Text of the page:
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Saturday, July 11, 2020

Weather Data

One aspect of creating a football simulation that is easy to take for granted but quickly becomes challenging is how to create realistic weather patterns for your games.  Especially if you have a league where cities are close together, if you have a major snow storm during a home game in Denver but have a beautiful sunny day in Colorado Springs, that just feels unlikely.  (Actually, growing up in Denver, I do realize it's probably more likely than I am giving it credit)  Actually, it's entirely possible to build an entire league within a single city, and if that is the case, you should expect every game to have similar weather as theoretically they would be being played within a few miles of each other.

So with those restrictions in mind, I didn't want to just randomly generate weather for each game based on typical weather patterns for that location.  No, I needed something more robust than that.  I decided to map each league season to a real, historical year, and pull weather data for the actual day in that year.  For example, year 2046 for League 1 might be mapped to 1995, so a game on September 23 in Denver should look up September 23, 1995, resulting in a cloudy day at 56 degrees with 8mph winds.  Precipitation is taken from the precipitation probability for that day, and then a dice roll is performed to determine whether there is precipitation.  Then, if there is precipitation, the type of precipitation (rain or snow) is determined by the temperature.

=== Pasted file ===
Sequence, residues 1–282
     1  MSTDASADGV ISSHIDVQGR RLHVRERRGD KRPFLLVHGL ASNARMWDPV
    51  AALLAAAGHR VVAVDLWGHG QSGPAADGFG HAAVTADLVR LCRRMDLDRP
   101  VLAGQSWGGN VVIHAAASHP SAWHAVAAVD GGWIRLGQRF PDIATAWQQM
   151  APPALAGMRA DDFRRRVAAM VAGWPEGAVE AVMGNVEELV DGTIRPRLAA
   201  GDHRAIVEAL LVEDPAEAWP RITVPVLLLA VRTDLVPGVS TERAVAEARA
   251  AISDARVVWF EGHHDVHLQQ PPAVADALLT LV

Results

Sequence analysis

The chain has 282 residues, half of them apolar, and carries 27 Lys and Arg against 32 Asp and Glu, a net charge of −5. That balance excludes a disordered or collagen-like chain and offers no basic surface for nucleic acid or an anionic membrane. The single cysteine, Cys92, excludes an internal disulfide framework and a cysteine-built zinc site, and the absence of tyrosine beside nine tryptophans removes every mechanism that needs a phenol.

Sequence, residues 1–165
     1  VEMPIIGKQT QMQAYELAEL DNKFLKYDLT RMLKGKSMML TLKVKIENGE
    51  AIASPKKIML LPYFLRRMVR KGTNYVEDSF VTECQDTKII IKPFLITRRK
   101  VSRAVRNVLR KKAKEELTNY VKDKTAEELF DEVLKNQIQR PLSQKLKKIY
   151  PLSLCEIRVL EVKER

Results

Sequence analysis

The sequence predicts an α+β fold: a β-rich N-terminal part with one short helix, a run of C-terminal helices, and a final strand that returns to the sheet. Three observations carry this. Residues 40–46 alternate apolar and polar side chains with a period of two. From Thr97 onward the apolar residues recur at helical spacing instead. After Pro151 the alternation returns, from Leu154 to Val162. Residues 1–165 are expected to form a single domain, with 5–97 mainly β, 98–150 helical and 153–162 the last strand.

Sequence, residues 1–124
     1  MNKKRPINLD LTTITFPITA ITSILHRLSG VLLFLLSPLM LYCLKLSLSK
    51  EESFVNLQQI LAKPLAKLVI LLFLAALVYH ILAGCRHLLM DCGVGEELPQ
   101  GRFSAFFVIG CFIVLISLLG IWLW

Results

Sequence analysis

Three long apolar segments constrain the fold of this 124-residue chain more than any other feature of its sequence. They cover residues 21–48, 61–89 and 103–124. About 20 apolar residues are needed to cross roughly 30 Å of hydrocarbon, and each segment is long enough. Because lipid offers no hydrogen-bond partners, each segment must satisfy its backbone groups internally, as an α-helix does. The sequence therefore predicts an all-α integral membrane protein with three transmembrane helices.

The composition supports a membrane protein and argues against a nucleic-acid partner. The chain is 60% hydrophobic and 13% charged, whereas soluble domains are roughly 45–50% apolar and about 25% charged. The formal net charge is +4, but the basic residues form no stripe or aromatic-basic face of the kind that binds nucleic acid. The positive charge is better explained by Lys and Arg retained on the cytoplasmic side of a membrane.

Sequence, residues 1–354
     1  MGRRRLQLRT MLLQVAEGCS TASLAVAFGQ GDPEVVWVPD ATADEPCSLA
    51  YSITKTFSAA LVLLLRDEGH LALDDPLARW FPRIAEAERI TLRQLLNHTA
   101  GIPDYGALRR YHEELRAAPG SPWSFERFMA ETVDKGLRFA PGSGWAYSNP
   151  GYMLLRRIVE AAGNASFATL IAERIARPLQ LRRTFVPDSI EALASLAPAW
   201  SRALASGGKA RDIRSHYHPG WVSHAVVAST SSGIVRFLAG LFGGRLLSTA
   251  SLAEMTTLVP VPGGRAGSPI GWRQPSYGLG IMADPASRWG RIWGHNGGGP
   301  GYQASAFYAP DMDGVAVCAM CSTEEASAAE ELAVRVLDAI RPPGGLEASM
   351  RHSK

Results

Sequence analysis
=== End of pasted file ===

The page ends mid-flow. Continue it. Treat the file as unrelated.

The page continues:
MyFootballNow uses the Visual Crossing API to look up the historical weather data for the selected date, which is fantastic because they provide historical weather data from around the world, instead of just the United States (which many services are limited to).  This enables us to produce realistic weather for any city in the world.